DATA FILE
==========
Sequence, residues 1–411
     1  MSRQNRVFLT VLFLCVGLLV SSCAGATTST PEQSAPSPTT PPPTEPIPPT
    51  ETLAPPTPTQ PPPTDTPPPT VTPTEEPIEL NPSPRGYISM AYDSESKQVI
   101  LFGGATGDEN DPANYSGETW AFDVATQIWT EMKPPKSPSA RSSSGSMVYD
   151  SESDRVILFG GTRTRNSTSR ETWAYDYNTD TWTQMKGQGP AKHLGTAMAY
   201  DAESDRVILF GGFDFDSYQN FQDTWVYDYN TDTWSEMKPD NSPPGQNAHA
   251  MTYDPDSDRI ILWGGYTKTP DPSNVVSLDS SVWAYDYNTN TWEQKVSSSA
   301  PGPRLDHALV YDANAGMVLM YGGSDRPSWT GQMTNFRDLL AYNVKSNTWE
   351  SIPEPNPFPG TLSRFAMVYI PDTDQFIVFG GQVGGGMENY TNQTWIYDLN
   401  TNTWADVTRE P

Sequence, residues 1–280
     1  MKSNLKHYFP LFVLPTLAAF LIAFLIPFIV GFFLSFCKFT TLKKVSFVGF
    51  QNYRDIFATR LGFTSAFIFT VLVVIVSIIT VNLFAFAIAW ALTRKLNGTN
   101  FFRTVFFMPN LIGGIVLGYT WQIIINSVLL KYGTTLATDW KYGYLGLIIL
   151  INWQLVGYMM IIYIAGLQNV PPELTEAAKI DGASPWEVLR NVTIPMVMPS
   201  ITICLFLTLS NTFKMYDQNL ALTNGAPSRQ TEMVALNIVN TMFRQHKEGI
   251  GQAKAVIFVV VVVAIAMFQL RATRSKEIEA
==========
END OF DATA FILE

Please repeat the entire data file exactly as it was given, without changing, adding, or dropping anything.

Sequence, residues 1–411
     1  MSRQNRVFLT VLFLCVGLLV SSCAGATTST PEQSAPSPTT PPPTEPIPPT
    51  ETLAPPTPTQ PPPTDTPPPT VTPTEEPIEL NPSPRGYISM AYDSESKQVI
   101  LFGGATGDEN DPANYSGETW AFDVATQIWT EMKPPKSPSA RSSSGSMVYD
   151  SESDRVILFG GTRTRNSTSR ETWAYDYNTD TWTQMKGQGP AKHLGTAMAY
   201  DAESDRVILF GGFDFDSYQN FQDTWVYDYN TDTWSEMKPD NSPPGQNAHA
   251  MTYDPDSDRI ILWGGYTKTP DPSNVVSLDS SVWAYDYNTN TWEQKVSSSA
   301  PGPRLDHALV YDANAGMVLM YGGSDRPSWT GQMTNFRDLL AYNVKSNTWE
   351  SIPEPNPFPG TLSRFAMVYI PDTDQFIVFG GQVGGGMENY TNQTWIYDLN
   401  TNTWADVTRE P

Sequence, residues 1–280
     1  MKSNLKHYFP LFVLPTLAAF LIAFLIPFIV GFFLSFCKFT TLKKVSFVGF
    51  QNYRDIFATR LGFTSAFIFT VLVVIVSIIT VNLFAFAIAW ALTRKLNGTN
   101  FFRTVFFMPN LIGGIVLGYT WQIIINSVLL KYGTTLATDW KYGYLGLIIL
   151  INWQLVGYMM IIYIAGLQNV PPELTEAAKI DGASPWEVLR NVTIPMVMPS
   201  ITICLFLTLS NTFKMYDQNL ALTNGAPSRQ TEMVALNIVN TMFRQHKEGI
   251  GQAKAVIFVV VVVAIAMFQL RATRSKEIEA